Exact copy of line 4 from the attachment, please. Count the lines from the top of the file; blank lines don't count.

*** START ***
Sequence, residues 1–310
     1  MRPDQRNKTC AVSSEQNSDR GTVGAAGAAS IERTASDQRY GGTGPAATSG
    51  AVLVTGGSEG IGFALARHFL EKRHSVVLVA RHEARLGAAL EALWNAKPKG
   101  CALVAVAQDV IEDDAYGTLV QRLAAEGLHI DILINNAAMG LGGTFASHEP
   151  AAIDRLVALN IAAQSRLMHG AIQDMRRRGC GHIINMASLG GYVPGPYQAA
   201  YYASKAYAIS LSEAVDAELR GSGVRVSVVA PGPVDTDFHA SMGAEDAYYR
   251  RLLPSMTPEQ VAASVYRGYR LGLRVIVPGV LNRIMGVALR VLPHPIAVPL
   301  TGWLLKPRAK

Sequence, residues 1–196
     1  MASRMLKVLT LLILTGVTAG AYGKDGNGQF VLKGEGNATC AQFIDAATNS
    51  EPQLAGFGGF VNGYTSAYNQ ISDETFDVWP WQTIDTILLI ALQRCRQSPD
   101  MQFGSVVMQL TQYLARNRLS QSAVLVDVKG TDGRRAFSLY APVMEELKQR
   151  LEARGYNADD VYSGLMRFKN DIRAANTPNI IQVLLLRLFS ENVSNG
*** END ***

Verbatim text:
   101  CALVAVAQDV IEDDAYGTLV QRLAAEGLHI DILINNAAMG LGGTFASHEP